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Exclusive: Altruist targets RIAs after $112M raise

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Apr 12, 2023
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Altruist, a custodian and software maker for the investment adviser industry, raised $112 million in Series D funding, the company tells Axios exclusively.

Why it matters: Investors and companies alike see a fast-growing potential market in improving services for registered investment advisers (RIAs).

Details: Existing investor Insight Partners led Altruist's round, joined by new investor Adams Street Partners and existing investors. Notable industry leaders Bill McNabb, Ron Carson, and Marty Bicknell also participated in the round

  • In total, the four-year-old company now has raised about $290 million in funding and houses assets in the "tens of billions of dollars," says CEO Jason Wenk.
  • The company raised a previously undisclosed $110 million Series C raised in November 2021, with Declaration Partners leading the round.

What's happening: Investors are increasingly seeking investment advice from fellow humans, and RIAs are rapidly breaking from larger firms.

  • That helped boost the number of RIAs by 23% in the last six years to over 14,000 in 2022, according to the SEC, with RIA assets under management growing to $125 trillion that year.

How it works: Altruist aims to be a one-stop shop for small to mid-sized RIAs, offering clearing and custody, advisory management software, robo-advisory-like services and a marketplace for funds.

  • Wenk says combining all those services can provide a better experience as RIAs have historically pieced together a number of disparate vendors. "To build the absolute best product you cannot have these siloed units that have been cobbled together," he says.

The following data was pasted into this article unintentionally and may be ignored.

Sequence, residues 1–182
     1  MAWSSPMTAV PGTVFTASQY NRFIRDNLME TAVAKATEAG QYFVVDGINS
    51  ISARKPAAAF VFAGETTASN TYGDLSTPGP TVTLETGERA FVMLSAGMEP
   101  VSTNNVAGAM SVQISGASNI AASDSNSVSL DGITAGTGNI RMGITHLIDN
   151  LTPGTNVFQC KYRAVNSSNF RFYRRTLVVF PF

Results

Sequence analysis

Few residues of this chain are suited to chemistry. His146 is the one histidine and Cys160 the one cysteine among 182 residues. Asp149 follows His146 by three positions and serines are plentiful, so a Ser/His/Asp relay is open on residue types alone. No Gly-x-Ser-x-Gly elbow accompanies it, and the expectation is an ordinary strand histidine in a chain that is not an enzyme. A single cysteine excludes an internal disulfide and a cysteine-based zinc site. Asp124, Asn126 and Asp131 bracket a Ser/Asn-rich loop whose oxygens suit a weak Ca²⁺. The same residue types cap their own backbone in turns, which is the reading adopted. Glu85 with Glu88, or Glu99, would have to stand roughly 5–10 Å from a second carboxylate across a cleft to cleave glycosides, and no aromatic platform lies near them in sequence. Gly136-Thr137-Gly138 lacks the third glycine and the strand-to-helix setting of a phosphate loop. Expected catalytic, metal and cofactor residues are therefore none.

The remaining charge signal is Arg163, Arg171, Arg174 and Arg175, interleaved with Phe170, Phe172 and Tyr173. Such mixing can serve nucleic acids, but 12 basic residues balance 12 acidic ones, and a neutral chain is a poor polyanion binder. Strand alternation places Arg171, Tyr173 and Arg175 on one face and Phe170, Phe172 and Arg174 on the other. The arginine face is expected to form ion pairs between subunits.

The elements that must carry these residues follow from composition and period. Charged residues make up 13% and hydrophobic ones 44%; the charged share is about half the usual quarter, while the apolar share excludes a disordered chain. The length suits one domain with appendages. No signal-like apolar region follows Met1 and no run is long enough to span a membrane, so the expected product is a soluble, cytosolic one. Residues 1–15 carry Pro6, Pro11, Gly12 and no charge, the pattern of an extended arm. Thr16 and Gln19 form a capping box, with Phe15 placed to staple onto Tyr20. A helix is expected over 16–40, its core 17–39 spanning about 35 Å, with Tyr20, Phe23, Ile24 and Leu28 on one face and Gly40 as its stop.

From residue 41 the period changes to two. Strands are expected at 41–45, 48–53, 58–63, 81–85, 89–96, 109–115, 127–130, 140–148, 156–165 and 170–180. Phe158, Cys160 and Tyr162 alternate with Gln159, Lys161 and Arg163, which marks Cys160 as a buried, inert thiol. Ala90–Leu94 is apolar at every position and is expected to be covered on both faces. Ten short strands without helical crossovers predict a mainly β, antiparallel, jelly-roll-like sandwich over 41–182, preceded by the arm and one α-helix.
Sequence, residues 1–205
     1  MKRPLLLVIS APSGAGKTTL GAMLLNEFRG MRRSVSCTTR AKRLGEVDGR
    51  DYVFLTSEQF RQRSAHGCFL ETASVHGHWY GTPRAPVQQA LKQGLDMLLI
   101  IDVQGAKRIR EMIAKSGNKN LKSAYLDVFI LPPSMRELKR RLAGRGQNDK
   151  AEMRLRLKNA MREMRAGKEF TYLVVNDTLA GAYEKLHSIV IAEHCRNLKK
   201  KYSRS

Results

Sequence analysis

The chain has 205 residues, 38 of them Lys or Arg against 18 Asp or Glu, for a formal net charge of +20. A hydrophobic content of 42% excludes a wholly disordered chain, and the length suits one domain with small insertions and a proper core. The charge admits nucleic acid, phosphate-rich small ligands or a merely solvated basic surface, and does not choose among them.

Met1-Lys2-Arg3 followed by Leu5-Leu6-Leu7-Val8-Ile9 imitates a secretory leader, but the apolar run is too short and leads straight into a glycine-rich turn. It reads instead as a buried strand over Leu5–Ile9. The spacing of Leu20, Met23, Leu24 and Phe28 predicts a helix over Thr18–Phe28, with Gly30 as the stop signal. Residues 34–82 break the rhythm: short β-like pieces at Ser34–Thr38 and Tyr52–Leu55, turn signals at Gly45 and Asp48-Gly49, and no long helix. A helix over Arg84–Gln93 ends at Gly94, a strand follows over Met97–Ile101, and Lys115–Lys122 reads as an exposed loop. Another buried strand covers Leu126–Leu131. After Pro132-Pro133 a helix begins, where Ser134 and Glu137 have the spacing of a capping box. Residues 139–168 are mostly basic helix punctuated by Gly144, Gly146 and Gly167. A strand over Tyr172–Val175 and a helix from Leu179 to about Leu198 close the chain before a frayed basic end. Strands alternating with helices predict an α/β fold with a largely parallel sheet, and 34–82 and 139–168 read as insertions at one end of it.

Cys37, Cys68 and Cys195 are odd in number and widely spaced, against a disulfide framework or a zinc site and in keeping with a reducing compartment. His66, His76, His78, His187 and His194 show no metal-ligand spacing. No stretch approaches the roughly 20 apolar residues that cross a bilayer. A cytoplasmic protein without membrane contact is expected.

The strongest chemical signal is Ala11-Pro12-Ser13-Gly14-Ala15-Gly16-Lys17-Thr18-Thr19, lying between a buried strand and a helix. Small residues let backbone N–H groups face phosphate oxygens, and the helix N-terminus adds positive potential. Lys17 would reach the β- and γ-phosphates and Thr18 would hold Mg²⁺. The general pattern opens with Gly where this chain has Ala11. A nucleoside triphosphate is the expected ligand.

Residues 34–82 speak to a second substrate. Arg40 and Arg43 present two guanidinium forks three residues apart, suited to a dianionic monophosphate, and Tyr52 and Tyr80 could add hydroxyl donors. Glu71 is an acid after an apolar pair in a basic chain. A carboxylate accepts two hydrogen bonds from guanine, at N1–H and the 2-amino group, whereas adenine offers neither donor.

• Altruist earns the majority of its revenue from clearing and custody, with additional capital coming in from its software and wealth management businesses.

The big picture: A growing number of custodians are chasing growth now, seizing on the opportunity as Charles Schwab focuses on digesting its $26 billion 2020 merger with TD Ameritrade and mitigating bad blood between itself and TD's clientele.

  • Charles Schwab angered smaller RIAs starting in the early 2000s by focusing on larger, more lucrative clients — pushing smaller RIAs to TDAmeritrade by raising fees, says Welsh, a former director of Business Consulting Services at Schwab.
  • TDAmeritrade RIAs are now concerned at prospect of returning to a business that historically didn't want them.
  • "It's a feeding frenzy," says Timothy Welsh, CEO of Nexus Strategy, a consulting firm for the wealth management industry. Beyond Altruist and Goldman Sachs, other players in the custody space include Axos, Apex, Fidelity, and Pershing.
  • Altruist has been a direct beneficiary, says investor Nick Beim of Venrock.

Of note: Schwab for its part has sought to reassure its users both big and small that they will not face worse service once the merger is completed come Labor Day.

What they're saying: Schwab sent the following statement, "“Schwab has for more than 30 years been committed to supporting RIAs of all sizes and at every stage of growth, providing an unmatched combination of service, technology solutions and resources to help them achieve their business goals -- all with no asset minimums and no custody fees. Firms managing less than $200M in assets represent 80% of the roughly 15,000 advisors on our platform and over a third of the assets under custody.”

Editor's note: This story has been updated with the statement from Schwab.

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